Everyone has, at some point or another, played “Pretend”. Either in a tree, a parking lot, the schoolyard, or, in bed with a person after concluding it was far too late to roll out, grab your blouse, shimmy across the floor like a wounded caribou and go home to make love to your DVR instead. It happens. Let’s not dwell on my, I mean THE past.
There’s something so genuinely innocent about watching children let their imaginations run wild. It reminds us to dream outside of our circular responsibility pattern. That loop that varies but, mostly remains consistent. It’s a wake-up call to think big, live big and yes, to buy the damn Powerball ticket because 50 million is a lot of money to not win simply because you didn’t try. And, sometimes lightning does strike and when it does and it hits your tree and that tree falls into your neighbor’s car and home, you’ll be happy you have your Powerball earnings to snuggle with at night.
I watch my children create fantasy worlds that vary completely even when given the same tools. A whisk has been a wand, a telescope, the key that opened a treasure chest and the last piece of bread that my boxcar children shared in their treehouse. Sometimes, kids who aren’t hungry pretend that they are. There is something about this particular play that strikes me as so human. Hunger means we share what we have. Kids innately know this without being told.
Pretend does not always take on the face of kindness. There is angry pretend. There is fearful pretend. I hear them work out their phobias in pretend play that shapes itself as drowning, falling, being left alone, being lost, being eaten by animals and a myriad of other highly-uncomfortable-to-watch scenarios. At the end of the game, all who are dead come back to life. Death is profound and forever. They are not ready to truly pretend that.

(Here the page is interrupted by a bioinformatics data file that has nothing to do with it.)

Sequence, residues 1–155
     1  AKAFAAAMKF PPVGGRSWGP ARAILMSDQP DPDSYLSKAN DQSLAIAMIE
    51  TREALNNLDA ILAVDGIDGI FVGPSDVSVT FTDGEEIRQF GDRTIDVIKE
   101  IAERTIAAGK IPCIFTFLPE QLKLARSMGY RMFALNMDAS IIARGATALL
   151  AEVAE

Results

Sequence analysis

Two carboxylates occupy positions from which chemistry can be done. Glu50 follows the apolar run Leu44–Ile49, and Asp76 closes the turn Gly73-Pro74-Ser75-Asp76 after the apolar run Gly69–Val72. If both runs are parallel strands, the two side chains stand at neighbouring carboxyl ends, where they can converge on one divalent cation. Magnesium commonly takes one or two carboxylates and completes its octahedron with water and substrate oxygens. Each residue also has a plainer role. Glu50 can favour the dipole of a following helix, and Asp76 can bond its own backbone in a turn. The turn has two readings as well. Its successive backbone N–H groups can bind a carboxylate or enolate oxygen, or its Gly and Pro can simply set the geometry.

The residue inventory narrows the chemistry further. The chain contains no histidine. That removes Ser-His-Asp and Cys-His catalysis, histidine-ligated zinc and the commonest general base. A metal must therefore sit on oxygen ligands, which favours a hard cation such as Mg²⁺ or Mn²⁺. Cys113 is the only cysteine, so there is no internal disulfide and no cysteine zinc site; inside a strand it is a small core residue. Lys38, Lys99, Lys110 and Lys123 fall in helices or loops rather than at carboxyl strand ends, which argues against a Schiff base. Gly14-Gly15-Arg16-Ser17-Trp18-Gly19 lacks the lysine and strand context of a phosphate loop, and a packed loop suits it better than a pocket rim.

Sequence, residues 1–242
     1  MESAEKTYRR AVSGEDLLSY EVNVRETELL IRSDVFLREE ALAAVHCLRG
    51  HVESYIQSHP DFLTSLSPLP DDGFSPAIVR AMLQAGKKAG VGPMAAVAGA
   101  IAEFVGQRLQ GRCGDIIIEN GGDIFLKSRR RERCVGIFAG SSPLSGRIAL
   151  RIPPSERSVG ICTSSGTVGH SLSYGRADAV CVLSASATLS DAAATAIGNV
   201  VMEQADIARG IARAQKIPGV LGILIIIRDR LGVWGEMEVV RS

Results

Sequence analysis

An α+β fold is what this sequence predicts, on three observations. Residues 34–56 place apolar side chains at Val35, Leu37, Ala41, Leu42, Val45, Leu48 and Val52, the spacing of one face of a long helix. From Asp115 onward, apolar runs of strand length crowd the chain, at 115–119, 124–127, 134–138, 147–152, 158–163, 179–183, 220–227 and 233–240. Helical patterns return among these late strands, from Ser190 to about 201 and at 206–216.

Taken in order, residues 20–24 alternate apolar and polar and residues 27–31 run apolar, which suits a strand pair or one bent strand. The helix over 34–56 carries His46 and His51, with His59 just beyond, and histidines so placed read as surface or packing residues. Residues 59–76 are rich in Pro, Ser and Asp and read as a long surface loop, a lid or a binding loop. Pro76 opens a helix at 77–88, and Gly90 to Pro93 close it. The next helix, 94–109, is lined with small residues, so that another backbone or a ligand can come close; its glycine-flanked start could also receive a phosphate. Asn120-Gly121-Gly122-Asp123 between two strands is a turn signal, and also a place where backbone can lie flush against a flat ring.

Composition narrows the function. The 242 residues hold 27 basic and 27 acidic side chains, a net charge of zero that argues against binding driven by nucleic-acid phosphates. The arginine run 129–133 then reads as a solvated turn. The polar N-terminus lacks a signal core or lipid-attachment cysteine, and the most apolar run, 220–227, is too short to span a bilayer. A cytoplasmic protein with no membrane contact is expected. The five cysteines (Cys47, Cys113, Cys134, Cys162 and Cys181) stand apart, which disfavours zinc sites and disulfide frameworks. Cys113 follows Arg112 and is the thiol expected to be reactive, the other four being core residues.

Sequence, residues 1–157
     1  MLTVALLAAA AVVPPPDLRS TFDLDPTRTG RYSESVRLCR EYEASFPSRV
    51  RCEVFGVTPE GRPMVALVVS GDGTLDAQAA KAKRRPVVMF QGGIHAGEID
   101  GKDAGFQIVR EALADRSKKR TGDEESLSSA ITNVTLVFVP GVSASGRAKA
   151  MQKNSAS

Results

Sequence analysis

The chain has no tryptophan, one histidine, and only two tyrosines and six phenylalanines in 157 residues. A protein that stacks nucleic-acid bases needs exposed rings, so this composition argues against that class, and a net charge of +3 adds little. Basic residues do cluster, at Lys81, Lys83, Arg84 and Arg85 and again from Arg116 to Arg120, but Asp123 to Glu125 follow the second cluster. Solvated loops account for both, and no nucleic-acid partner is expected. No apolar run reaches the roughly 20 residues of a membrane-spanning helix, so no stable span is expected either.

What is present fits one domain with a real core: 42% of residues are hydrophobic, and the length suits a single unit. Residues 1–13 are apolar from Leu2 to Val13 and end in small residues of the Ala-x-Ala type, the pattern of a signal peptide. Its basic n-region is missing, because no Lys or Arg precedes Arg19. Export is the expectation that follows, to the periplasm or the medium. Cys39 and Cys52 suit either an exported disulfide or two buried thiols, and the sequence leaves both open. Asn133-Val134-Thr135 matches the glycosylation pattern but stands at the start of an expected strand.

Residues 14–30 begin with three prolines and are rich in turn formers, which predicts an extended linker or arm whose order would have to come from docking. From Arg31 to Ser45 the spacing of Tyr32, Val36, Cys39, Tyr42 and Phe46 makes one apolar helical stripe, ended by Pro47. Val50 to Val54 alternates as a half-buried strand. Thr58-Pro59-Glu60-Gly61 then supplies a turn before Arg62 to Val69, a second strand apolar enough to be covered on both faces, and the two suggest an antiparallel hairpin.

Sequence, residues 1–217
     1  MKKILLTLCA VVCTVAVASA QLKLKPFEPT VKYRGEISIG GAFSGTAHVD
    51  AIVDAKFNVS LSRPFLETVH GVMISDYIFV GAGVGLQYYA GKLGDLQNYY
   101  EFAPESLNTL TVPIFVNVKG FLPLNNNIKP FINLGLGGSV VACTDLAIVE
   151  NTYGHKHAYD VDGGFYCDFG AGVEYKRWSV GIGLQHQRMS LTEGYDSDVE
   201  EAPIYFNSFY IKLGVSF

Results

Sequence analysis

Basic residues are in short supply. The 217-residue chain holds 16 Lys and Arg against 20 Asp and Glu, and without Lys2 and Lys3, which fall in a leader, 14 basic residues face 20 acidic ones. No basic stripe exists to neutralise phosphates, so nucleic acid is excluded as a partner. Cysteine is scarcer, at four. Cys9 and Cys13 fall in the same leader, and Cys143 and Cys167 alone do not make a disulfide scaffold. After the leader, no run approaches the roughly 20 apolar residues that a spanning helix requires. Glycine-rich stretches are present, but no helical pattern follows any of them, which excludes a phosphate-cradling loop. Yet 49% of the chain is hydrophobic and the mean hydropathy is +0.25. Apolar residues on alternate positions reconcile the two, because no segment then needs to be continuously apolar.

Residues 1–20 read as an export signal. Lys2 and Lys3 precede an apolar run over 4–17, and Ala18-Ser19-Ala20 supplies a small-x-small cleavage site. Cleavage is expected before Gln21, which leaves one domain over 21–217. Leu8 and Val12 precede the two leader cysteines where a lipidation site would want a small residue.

I play pretend as well. Grown-up pretend is never as much fun. Sometimes, my husband and I pretend that we aren’t upset that someone fell asleep before the other could make it upstairs and the other pretends they aren’t upset because they can’t help falling asleep. BORING. So, we pretend that everything is OK because it mostly is. For this kind of pretend, the answers can’t be found in a whisk.
I think about how pretend can either nourish or starve authenticity. How sometimes we really are the fire breathing dragon. Sometimes, we’re the benevolent queen. Sometimes, we’re the pirate raiding the treasure chest. Sometimes, we’re the evil dictator. These pieces can all live inside of us honestly if we embrace them, and still not be the whole of who we are. Denying the existence of my dragon would only decrease my % of benevolent queen. Science.
I watch my children embrace their subconscious fears. In play, I watch them go to the places that terrify them most. I watch them return from the dark with even more light. I am reminded to try to process my fears in this same way. Say it out loud, live there for a moment and then, let it go. Return to gratitude and happiness. Live authentically.
The masks we put on must find their way back to the play room shelf.
Now, has anyone seen my wand? I need to scramble some eggs.